Feb 12

Airbnb – A win-win for Cuba & Tourists

If you would like a $40 discount on your first Airbnb stay, please click HERE.  (full disclosure: I get a $20 credit)

My friend and I traveled in Cuba in November 2017 on an independent people to people tour.  As  President Obama had lifted many of the restrictions, and direct flights from the US had started, tourism is on the rise.  Additionally, we ran into many Europeans, primarily Germans, French, and Poles that said they “wanted to travel to Cuba before the Americans ruin it”.  Due to the rise in tourism, we had read online that sometimes it was difficult to find a Casa Particular – a small privately run guesthouse.    Enter: Airbnb

Airbnb had a plethora of Casas available, some with enough reviews to feel confident in our choices.  Amongst the places we stayed were:

* A 3rd floor apartment in Havana that was walking distance to both Vedado and old town.  Complete with a balcony overlooking the street were we took our meals.

* A cute one-story on the edge of Vinales with rocking chairs on the front porch where I was able to view the mogotes rock formations as I sipped on coffee grown on the owner’s mother’s finca (ranch).

* A historic building just a few blocks from the center square of Trinidad with a roof top patio where an amazing breakfast could be enjoyed in the sun.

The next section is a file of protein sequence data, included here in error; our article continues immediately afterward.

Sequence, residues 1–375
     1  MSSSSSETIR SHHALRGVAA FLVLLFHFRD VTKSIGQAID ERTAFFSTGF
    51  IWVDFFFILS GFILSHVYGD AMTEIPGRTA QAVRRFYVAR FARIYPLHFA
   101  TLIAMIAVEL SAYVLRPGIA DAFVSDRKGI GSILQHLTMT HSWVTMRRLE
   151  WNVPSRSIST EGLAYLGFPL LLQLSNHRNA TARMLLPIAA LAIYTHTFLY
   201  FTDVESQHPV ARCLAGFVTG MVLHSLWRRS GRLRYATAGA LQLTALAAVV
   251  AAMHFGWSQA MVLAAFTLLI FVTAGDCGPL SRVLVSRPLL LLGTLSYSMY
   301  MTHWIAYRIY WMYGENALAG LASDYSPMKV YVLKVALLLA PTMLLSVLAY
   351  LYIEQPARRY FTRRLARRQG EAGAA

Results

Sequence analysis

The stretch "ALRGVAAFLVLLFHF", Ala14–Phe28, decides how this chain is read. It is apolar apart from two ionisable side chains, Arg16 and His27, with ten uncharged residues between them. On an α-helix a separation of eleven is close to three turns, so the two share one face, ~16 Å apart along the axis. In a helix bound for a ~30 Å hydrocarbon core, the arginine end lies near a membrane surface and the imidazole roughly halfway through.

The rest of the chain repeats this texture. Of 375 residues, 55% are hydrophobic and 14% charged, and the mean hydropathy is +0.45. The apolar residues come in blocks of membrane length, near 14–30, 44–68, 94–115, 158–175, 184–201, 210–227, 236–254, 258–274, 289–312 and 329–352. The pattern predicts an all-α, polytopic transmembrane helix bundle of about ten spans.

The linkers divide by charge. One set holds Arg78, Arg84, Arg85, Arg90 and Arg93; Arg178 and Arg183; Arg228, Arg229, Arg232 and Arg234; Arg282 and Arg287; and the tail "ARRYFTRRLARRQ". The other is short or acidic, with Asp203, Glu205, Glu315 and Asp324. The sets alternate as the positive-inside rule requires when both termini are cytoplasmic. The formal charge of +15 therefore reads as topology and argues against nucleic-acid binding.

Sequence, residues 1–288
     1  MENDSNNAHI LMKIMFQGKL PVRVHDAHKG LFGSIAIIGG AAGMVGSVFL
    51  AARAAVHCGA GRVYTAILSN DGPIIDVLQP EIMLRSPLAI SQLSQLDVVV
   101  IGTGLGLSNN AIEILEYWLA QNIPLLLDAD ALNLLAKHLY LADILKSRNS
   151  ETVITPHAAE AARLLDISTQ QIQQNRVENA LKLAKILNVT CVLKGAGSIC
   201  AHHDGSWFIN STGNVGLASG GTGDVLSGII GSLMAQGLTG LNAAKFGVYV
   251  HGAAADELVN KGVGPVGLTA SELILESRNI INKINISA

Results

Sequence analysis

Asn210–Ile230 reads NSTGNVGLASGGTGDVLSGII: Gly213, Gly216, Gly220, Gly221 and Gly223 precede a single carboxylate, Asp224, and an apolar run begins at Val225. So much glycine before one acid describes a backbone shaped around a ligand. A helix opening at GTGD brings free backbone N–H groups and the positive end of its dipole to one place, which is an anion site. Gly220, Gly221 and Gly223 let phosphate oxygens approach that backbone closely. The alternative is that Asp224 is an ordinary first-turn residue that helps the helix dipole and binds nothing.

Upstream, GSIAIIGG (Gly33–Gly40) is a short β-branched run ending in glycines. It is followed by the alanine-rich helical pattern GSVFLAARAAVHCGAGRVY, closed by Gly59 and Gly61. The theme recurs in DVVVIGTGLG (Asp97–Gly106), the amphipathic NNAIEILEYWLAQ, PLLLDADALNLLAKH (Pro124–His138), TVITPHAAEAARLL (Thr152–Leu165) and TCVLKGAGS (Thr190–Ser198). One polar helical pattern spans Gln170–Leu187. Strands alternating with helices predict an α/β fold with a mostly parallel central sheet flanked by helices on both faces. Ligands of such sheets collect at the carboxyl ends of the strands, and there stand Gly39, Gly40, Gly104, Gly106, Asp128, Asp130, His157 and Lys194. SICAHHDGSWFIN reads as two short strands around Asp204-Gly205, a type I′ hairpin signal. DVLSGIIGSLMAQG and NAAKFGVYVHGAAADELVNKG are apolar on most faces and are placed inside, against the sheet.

* A 1940’s building just kitty-corner to the main plaza of Cienfuegos with extremely high ceilings and eclectic furnishings.  The balcony with rocking chairs overlooked the main plaza.

* A super clean guesthouse in Playa Larga just a block off the beach with a friendly owner and amazing meals.

* The average nightly price for 2 people was $28 for these amazing historic places.  This was an amazing deal and it was nice to know we had a place reserved and a Casa owner waiting for us at each town.

I talked to several of the Casa owners and they said that Airbnb was very good for them.  When 90% of the Cuban people are employed by the government and earn an average of $20-25 a month, the Casa owners are some of the highest earners.  A Casa owner can rent 2 rooms at $25+ per night, serve breakfast to most guests at $5 each, and occasionally serve dinners to guests for $8-12.  Unfortunately, not all of this money goest to the Casa owner.  Airbnb is great for these Casas because many of the good Casas have close to 100% occupancy.

However, there are some negatives.  Owners need to pay about 10% just to convert payments from collection on the web to cash in the owners hand.  And then the Cuban government wants it’s piece.  They charge a tax equal to $75 per room per month, whether occupied or not plus an additional 10% of reciepts.  Casa owners are required to register all guests & passport numbers.  If an unregistered guest is found in a Casa, there is a significant fine from the government.    Perhaps the saddest is more a reflection on communism than anything else.  A couple of our Casa owners had quit government jobs to run their casas.  Sometimes well-educated and respected jobs such as teachers and computer programmers.  Some of them liked their jobs but found out they could just make so much more by running the Casa.

If you would like a $40 discount on your first Airbnb stay, please click HERE.  (full disclosure: I get a $20 credit)

 

Leave a Reply

Your email address will not be published.